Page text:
In summer it was a pleasure to walk along the banks of Ashborough and Greythorpe canal. Wild flowers covered the grass that lined the towpath, butterflies swooped on the currents between them. Where once old factories stood, nature was slowly regaining its former territory, in the time-honoured way. Fish swam in the water, where once only cars and shopping trollies dared to lurk. In the height of summer, it was busy down on the canal. Children laughed and ran, only to be scolded about falling in by their anxious parents. Fisherman sat with their boxes of writhing multi-coloured maggots, heads down with faces in a permanent scowl at the interruption to their silence. Flies buzzed around just above the water, provoking fish to occasionally rise to the surface in search of a meal.
Autumn and winter were totally different. It was much quieter, the feeling of dereliction returned to the air. No flowers added colour, the crumbling factories looked deserted, like foundations of a long-forgotten civilisation. The occasional runner plied their trade running head down, oblivious to the world, with their Bluetooth headsets providing each with their own idea of music. The occasional fisherman sat but despite the lack of interruptions didn’t seem to be much happier.
Today was one of those days that people stayed inside or in the nearby shopping centre. Its brightly lit and warm malls, the perfect antidote for such a dreary day. Drizzle, or mizzle as the locals called it, coated everywhere with a cold dampness that was refreshing at first but very quickly you tired off as the mizzle got everywhere, making you feel uncomfortable. Only a few brave fools found their way down here. They had to have some business or real reason.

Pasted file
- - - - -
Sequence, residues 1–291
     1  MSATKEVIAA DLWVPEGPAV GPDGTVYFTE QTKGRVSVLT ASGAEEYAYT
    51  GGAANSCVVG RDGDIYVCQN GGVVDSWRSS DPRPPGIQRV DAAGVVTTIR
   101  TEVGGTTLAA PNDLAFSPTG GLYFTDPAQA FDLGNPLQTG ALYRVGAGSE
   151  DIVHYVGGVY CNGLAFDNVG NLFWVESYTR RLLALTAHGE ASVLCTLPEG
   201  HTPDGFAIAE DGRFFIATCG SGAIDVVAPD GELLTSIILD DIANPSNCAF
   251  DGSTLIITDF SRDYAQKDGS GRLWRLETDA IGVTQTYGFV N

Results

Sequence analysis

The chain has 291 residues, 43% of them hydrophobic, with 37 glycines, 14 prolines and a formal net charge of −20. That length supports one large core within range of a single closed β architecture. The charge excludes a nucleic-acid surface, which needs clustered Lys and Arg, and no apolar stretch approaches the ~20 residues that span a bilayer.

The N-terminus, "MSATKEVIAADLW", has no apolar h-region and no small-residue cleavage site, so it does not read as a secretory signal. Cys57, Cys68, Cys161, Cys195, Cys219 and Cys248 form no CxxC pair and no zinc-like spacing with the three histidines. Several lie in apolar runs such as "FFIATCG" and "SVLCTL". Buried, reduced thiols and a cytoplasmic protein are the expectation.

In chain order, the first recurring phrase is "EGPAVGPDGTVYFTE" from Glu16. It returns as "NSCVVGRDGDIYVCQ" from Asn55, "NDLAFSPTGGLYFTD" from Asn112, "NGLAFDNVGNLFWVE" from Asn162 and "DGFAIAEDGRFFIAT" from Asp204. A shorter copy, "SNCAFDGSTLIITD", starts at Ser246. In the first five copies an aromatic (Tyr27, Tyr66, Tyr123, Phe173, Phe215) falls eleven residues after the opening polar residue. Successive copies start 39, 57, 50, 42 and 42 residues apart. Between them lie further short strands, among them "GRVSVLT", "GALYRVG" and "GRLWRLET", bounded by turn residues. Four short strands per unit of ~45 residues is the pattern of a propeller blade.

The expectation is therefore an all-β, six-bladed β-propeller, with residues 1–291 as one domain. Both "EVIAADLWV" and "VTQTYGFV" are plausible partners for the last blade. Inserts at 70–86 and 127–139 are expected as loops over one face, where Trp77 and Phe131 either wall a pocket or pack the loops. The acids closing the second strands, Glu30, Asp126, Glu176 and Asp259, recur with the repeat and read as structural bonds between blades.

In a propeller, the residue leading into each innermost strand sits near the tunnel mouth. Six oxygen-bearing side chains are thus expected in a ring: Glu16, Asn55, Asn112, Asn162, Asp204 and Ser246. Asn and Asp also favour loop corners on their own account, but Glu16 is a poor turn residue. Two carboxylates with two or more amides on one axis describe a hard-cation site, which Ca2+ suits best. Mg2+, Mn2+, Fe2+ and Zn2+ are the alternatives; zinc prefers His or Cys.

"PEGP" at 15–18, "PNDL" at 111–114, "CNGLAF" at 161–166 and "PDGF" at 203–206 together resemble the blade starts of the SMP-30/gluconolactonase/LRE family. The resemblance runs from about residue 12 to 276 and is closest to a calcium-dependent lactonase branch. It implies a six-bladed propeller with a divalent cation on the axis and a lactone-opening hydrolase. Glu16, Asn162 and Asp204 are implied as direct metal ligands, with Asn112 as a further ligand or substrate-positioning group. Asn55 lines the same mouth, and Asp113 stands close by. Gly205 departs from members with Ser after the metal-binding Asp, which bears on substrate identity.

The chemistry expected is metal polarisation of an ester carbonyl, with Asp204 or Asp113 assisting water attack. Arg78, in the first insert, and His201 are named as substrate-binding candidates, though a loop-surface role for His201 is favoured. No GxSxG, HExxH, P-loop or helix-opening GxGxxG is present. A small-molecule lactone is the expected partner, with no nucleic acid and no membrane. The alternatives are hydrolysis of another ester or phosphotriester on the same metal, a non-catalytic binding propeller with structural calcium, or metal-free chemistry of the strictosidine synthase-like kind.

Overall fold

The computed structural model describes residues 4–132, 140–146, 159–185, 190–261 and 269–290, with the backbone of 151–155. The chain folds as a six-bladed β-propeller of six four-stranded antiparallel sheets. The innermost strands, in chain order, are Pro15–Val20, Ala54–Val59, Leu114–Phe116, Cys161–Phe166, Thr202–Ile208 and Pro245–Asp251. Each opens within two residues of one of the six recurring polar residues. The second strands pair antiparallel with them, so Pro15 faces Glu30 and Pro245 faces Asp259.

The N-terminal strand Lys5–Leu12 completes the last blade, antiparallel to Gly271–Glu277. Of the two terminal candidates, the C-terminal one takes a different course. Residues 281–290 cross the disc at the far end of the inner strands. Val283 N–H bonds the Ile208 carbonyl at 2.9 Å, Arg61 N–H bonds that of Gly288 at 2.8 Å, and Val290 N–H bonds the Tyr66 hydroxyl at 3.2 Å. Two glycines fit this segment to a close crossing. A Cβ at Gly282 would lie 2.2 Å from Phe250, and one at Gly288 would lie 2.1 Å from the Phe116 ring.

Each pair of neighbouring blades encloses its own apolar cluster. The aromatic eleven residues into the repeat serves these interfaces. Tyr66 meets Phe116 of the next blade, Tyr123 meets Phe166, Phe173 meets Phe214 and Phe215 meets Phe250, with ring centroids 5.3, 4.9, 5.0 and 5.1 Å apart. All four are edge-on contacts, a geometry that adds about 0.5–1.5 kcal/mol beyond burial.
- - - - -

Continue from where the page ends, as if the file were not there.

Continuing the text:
Rocky Storm sure looked a picture as he strode along the path heading towards Dingley locks. He wished he didn’t have to be here, but needs must when his mother called. He should be at college today, but one of his mum’s dog walkers had phoned in ill and he had to step once more into the breech. At weekends and holidays Rocky made cash by helping in the family firm. The ‘premier’ dog walking business in Ashborough his mum called it. He was pretty sure it was the only dog walking firm in town, but his mum was proud of what she’d built up to supplement income from their pet shop.
Sometimes his mum was infuriating. Not only had she saddled him with such a weird name, a reference to some cheesy film she’d seen as a teenager, but she thought he could just drop college whenever one of her dog escorts pulled a sickie. Since his dad had died though, she’d worked hard to keep the house despite his fathers gambling debts. The business had kept them going, so he couldn’t begrudge his mother.
He just wished she hadn’t bought all her ‘escorts’ bright pink jackets with ‘Fancy Walkies’ on the back with a phone number. The calls they’d had was almost as bad as when she’d launched a new venture selling dog clothes. Maybe ‘Doggy Fashion’ hadn’t been the best name.
So here he was on a dank grey day in Ashborough, a name that lived up to the greyness today, walking someone’s prize poodle along the canal. To add to his misery, this one had a pink bow in it for good measure. He just prayed he didn’t meet anyone he knew.
Turing the bend he saw the solitary figure of a fisherman, the first he’d seen all day. As he approached he realised it was Mr Haydock who lived down the street from them. Rocky remembered how his dad and he used to go fishing with Bert Haydock when he was small. Bert was retired now and was down here most days.
“Hello, My Haydock, fish biting today?” Rocky greeted.
Bert Haydock slowly cocked his head up at Rocky to check who it was.
“Oh, hi there Rocky. Walking the dogs again. That one looks a reet handful.” A short laugh dissolved into a racking cough that shook the old man’s body with each cough.
“You sound as though you shouldn’t be here, can I help you?”
“Nay… it’s just t’coal slake that’s in me lungs. Plays up on days like these.”
That and the twenty cigarettes a day, Rocky thought but didn’t say. The local pit must have closed over twenty years ago. He liked Bert though and wouldn’t hurt him by saying anything.
“Should you be here then?” Rocky asked anxiously.